City officials made grand plans to celebrate New Orleans’ 200th birthday in 1918 and honor the city’s founder, Jean-Baptiste Le Moyne, Sieur de Bienville.
France was supposed to build a replica of Bienville’s ship and send it across the Atlantic to New Orleans. Rousing speeches, a costume ball, a magnificent parade and an evening banquet all would make it a memorable occasion.
But with World War I raging in Europe, the replica ship never arrived, and local officials canceled the pageantry.
Flash forward: Mayor Mitch Landrieu and civic and religious leaders are planning a grand celebration to mark another 100 years. Naturally, they hope it goes better this time.
Official plans include academic conferences, musical performances, commemorative exhibits, a Mass at St. Louis Cathedral, the dedication of at least one statue and lots of fireworks shows.
Institutions such as the University of New Orleans, WYES-TV and the Archdiocese of New Orleans are putting on their own related activities.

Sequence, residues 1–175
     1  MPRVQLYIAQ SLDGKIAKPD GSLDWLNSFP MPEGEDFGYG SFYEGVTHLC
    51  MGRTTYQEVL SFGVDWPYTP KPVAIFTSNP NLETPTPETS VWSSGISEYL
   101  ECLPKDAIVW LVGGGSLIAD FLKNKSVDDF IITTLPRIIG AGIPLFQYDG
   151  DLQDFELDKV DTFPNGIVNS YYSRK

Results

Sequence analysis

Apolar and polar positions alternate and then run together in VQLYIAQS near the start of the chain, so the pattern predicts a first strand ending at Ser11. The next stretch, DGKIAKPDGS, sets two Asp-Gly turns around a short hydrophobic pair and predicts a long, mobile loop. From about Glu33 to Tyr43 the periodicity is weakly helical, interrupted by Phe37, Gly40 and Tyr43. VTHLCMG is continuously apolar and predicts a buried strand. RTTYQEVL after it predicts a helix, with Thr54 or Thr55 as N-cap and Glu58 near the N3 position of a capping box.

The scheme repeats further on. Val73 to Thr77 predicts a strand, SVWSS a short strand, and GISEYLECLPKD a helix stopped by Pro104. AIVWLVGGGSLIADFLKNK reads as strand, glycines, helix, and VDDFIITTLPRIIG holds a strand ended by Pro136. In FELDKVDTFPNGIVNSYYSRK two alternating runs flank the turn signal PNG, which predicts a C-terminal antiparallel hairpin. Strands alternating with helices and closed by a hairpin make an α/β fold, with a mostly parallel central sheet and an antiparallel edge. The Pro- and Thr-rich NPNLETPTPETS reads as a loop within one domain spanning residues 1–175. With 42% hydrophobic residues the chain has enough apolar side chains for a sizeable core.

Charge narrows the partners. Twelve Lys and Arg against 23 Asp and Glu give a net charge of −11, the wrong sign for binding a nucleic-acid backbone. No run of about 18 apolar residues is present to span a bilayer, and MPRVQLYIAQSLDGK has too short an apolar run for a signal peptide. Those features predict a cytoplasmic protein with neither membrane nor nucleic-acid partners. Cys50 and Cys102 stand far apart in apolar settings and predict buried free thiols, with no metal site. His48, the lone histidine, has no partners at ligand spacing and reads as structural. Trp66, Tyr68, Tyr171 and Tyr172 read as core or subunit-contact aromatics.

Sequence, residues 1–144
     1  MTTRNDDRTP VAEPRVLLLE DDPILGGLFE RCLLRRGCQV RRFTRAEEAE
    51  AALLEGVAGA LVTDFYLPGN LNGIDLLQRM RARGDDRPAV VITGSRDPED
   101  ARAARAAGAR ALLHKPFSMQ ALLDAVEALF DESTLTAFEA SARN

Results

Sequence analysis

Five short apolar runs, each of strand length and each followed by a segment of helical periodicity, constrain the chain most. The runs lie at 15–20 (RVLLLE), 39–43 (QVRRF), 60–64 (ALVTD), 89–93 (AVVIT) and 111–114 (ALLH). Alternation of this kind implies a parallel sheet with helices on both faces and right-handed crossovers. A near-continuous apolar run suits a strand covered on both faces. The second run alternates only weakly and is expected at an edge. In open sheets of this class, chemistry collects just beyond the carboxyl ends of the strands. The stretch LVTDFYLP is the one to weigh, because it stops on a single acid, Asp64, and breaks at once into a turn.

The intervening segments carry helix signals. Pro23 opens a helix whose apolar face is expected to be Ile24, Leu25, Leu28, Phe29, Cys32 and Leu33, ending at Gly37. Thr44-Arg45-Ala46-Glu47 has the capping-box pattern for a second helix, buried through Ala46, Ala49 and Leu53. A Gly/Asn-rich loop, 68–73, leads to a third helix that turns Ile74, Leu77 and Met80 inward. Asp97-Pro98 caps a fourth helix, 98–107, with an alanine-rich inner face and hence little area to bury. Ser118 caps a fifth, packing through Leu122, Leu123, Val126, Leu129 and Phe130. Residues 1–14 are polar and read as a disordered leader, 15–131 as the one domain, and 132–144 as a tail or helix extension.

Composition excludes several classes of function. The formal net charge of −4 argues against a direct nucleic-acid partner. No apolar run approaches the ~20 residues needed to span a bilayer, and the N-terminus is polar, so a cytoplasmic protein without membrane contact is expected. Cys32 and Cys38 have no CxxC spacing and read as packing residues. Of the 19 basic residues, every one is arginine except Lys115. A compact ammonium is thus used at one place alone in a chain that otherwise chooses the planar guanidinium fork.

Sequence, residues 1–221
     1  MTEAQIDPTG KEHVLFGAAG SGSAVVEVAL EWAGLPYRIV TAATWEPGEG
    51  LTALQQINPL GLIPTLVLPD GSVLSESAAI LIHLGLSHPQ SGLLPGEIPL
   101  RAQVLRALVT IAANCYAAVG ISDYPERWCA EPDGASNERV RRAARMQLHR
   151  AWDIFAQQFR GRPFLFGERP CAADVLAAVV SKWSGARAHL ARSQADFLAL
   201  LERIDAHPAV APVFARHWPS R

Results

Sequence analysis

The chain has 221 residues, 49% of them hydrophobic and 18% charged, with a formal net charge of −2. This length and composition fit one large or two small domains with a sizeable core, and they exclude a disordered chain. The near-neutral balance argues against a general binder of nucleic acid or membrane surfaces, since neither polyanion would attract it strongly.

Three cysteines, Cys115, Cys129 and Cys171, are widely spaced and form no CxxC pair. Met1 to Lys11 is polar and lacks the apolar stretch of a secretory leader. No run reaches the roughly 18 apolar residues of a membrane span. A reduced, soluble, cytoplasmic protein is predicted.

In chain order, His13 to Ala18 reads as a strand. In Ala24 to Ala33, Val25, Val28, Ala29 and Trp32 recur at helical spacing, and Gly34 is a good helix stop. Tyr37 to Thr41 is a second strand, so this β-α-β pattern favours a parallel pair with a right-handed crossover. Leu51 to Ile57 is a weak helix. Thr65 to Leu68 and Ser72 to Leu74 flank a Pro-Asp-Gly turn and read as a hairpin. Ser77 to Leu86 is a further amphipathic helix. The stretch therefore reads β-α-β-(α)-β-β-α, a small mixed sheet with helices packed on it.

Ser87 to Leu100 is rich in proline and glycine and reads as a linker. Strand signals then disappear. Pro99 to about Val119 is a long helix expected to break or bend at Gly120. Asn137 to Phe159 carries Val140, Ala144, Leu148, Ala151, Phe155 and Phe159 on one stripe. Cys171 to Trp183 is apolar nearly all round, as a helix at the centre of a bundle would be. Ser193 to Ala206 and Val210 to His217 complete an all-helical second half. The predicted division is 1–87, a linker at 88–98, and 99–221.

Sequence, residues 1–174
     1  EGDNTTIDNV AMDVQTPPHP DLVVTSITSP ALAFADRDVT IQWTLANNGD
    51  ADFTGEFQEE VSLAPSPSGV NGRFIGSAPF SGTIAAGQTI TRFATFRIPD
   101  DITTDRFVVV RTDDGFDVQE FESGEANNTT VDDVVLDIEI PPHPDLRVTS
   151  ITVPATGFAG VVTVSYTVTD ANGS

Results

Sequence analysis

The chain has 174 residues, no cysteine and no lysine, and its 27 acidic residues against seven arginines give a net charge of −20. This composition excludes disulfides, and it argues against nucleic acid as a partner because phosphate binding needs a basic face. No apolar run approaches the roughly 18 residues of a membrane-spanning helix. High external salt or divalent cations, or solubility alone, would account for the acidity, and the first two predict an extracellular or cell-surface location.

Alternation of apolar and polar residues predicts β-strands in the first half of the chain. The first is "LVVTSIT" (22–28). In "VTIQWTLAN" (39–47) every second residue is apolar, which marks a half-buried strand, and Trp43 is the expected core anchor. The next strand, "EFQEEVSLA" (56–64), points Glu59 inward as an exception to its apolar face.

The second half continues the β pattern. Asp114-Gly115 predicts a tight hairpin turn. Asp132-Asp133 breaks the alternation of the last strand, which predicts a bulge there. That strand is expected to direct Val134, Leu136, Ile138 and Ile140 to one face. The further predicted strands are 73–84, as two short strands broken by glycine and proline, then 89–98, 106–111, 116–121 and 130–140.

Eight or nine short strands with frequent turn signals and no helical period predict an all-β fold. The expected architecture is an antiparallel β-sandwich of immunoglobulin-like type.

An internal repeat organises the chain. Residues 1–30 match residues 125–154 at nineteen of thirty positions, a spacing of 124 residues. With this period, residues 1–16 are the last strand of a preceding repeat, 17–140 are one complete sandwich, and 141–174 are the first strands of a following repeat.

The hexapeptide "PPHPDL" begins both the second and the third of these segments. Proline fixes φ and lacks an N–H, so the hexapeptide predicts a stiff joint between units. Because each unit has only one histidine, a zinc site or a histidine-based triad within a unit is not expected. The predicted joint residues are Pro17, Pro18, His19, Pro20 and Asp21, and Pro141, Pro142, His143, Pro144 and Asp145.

City officials and hospitality leaders are hoping that the tricentennial celebration — which will kick off with the annual New Orleans Book Festival at City Park on Nov. 11, including a concert by the Louisiana Philharmonic Orchestra — will engage locals, bring hordes of free-spending tourists to New Orleans and show how far the city has come since Hurricane Katrina.
“It’s important to get our citizens to understand the full depth and understanding of the 300 years of history,” said Mark Romig, the president and CEO of the New Orleans Tourism Marketing Corp., who is chairing the commission overseeing the tricentennial. “We want to give everyone an opportunity to participate.”